[Update: Microsoft has changed the name again. Read the April 3, 2015 post here.]
The software we use today, whether you call it a program, an application, or simply an “app”, almost always runs on top of an operating system. And most of these applications we use communicate with the operating system through a set of routines collectively called the application programming interface or (API). The Windows API is known as Win32, and almost 100% of the desktop apps we have ever run have used this set of API routines.
But in early June 2011, Microsoft revealed a new set of APIs called Windows Runtime, more commonly know as WinRT. As part of the rollout of this new technology, Microsoft demonstrated new “Metro” apps, which would interact with Windows in a very different way. These new apps would use the newly developed WinRT API set.
While it seemed that Redmond would never settle on a final name for WinRT-based applications (they have used “Modern UI”, “Windows 8 apps”, “Windows Store apps”, “New User Interface”, “Microsoft Design Language”, “Microsoft style design”, and simply “Modern.”), they have now selected a new name. With Windows 10, these apps are now called “Universal”, although it is anyone’s guess if this will be the “final” name.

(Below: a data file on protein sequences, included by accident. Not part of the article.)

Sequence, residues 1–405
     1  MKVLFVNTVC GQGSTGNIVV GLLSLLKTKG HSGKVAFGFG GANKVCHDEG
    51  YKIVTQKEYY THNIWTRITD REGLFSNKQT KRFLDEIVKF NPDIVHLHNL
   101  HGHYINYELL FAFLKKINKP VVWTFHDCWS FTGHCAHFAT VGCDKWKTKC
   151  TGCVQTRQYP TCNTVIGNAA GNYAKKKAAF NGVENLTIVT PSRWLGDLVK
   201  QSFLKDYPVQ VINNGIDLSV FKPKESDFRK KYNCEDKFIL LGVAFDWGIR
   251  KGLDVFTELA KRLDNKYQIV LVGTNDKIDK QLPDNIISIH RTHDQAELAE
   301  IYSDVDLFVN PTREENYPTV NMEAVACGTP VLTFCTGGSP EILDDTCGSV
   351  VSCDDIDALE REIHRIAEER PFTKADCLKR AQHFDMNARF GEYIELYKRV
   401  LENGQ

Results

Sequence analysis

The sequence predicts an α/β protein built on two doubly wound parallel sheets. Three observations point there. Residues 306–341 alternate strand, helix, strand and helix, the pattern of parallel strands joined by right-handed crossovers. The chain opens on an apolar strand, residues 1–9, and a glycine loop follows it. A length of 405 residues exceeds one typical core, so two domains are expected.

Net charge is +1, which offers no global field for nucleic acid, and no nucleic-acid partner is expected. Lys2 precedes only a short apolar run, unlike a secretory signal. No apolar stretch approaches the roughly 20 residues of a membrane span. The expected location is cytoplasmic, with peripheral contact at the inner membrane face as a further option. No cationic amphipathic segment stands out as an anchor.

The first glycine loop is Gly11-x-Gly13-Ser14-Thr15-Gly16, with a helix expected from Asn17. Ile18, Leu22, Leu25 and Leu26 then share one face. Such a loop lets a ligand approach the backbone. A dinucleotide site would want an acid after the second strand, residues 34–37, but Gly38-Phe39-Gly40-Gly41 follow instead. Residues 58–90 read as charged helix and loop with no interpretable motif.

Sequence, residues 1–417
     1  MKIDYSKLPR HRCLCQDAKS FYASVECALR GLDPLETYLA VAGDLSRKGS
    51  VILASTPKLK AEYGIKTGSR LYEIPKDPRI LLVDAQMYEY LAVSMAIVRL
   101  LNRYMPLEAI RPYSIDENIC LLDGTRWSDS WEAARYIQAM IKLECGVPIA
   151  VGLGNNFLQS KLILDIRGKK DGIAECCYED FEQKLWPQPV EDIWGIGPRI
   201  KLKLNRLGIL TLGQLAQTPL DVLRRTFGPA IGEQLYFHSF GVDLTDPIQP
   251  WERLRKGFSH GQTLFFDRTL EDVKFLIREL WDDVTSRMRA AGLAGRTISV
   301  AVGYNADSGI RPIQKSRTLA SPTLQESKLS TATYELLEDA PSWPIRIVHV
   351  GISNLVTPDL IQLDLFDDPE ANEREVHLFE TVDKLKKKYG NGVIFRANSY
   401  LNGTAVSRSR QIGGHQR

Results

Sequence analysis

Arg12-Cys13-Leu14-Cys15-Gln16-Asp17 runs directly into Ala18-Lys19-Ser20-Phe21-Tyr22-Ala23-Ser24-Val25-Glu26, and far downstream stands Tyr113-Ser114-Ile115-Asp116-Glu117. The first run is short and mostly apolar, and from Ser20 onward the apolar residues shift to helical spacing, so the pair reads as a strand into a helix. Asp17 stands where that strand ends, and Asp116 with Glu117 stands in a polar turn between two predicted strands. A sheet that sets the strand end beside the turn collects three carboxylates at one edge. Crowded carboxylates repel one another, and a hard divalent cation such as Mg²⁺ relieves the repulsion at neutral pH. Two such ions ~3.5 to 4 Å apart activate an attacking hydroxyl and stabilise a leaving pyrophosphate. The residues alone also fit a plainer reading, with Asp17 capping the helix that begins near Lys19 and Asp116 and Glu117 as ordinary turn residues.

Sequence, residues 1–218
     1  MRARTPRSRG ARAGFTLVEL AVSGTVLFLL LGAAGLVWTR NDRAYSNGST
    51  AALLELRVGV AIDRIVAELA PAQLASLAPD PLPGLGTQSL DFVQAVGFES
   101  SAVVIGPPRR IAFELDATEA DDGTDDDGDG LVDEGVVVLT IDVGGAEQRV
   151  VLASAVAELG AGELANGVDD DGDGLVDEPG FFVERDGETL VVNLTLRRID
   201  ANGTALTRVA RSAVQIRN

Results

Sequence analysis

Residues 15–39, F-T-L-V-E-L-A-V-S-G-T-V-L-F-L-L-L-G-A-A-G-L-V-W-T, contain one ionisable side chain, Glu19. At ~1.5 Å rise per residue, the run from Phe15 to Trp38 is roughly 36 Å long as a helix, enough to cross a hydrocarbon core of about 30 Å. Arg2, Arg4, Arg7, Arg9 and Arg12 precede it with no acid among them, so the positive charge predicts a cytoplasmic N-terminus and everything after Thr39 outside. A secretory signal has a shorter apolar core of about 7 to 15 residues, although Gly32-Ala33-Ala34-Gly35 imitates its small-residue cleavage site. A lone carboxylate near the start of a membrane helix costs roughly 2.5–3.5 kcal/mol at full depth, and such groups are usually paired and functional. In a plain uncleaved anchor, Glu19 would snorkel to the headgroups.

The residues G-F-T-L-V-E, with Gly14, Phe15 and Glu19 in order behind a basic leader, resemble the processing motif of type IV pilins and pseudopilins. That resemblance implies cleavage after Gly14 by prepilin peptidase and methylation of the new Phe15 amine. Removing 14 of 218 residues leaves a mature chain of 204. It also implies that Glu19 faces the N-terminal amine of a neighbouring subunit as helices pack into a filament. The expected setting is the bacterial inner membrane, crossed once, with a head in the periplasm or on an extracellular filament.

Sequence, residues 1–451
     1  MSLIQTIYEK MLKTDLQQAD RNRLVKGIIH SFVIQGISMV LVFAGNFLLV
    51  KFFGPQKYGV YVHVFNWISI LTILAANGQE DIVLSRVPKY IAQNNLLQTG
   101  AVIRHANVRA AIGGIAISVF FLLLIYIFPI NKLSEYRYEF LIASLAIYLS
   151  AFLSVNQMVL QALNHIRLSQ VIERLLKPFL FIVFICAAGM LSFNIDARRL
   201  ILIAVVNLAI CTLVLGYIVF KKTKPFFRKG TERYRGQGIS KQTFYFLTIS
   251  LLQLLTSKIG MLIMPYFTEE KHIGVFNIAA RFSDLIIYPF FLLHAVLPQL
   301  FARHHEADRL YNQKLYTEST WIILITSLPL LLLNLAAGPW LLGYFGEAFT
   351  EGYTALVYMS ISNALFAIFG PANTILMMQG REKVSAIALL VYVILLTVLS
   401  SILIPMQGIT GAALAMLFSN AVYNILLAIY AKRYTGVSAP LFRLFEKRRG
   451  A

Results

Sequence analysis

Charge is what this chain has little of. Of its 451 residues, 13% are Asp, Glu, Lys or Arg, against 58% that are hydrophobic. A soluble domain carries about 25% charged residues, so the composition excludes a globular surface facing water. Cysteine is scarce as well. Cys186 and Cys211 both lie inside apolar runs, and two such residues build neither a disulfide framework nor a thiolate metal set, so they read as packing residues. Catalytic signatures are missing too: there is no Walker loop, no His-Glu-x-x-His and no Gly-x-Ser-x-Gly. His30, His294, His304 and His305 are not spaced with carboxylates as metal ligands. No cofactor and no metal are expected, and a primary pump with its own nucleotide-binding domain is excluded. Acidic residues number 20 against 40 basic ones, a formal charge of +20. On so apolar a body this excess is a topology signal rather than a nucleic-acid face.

These “Universal” apps have other characteristics that set them apart from what you may think of as “classic” Windows programs. Some examples of their new features.
- They run in a sandbox – makes it harder to spread infections through them.
- They’re are easily interrupted – helps minimize their power consumption and it’s unlikely it will freeze the entire machine.
- One Version – one version of the application can run on multiple devices, as long as they run Windows with the same API.
WinRT API support started with Windows 8/8.1 and Server 2012. Current Windows phones run Windows Phone RT API, which is vaguely similar to the WinRT API. Soon Microsoft will provide the same API to all Windows devices.